Kevin, you said "… weightier matters go untaught." Absolutely true. It makes me think about your article about what Jesus taught, the doctrine of Christ is to love God with all of your heart and to love others. That is the simplicity of the gospel. If we truly followed that teaching in our heart, mind and soul, we are manifesting the fruit of the spirit and perfect love casts out fear. I love what you wrote and it really helped me, so I cannot thank you enough. God bless you. Also, if we are walking in Christ and have the… Read more »
Anon 3:33 – Thanks, I'm glad you've benefited from the articles here. I think you're talking about "Turning The Tables On Legalism. You're right that such rule-making just makes a mockery of Christ. In fact, that's sort of what Paul wrote the church in Galatia when they tried to return to legalism: "…if righteousness could be gained through the law, Christ died for nothing." (Galatians 2:21)
This sect's rule keeping reminds me of when Moses led the Jews out of Egypt and the Jews starting murmuring longing to be back in Egypt where they were once enslaved and longing for a false sense of security from the kind of food they had when they lived in Egypt. The manna God provided wasn't good enough. It is a sad state of affairs when God's word alone isn't "good enough."
John 4:34 (KJV) Jesus saith unto them, My meat is to do the will of him that sent me, and to finish his work.
Found this website that addresses the abuse of authority by church leaders. Totally rings true for the Merie Weiss sect too.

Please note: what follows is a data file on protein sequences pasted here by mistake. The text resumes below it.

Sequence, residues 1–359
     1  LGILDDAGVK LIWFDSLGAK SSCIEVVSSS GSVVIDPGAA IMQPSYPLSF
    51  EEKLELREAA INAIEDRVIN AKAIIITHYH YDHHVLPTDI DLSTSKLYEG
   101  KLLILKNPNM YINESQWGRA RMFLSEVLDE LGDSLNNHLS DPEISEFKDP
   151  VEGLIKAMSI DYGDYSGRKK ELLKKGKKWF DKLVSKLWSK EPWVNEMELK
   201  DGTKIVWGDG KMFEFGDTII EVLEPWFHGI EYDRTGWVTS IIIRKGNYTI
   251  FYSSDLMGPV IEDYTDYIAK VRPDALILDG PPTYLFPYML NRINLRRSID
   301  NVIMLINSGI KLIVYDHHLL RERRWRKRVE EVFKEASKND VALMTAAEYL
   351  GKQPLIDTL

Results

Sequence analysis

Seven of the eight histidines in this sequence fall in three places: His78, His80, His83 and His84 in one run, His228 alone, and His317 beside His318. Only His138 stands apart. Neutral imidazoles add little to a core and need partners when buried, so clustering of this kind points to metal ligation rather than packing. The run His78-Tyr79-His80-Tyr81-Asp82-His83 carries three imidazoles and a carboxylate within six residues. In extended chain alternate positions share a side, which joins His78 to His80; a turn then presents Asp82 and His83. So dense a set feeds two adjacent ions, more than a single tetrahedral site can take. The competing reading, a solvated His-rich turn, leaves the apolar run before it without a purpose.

For anyone interested in where "direct command, approved example and necessary inference came from" check out this link. It's a history of how the various churches of Christ were formed in the book Encyclopedia of Cults, Sects and New Religions.
Page 182 Churches of Christ (Non-Instrumental)
Just a side note to add here, not all decisions came during the May week. (I'm not saying you said that Kevin, I just want to point out to others that decisions are made by the "older teachers", for the members).Donna, you may remember this too. We had a brother in the sect die, and the family didn't have enough money to bury him. Ones wondered if money from the Sunday collections could be used to help pay for his burial, not necessarily his funeral. What happened was that the congregation in SV studied it out and then sent letters… Read more »
I always felt uncomfortable when they would call themselves, "The Best of the Best," and "The Cream of the Crop" referring to the brethren who were chosen to attend May Week. In mind I interpreted it as, "We are the ones who will make it to Heaven."
Welcome Carrie-Anne! It is amazing to see people come to the understanding that they have been lied to; and reject the false and abusive ways of the Merie sect. It takes time to overcome the wounds inflicted by angry and hate filled leaders but it can be done and the final result is a much more wiser christian, and more loving of others.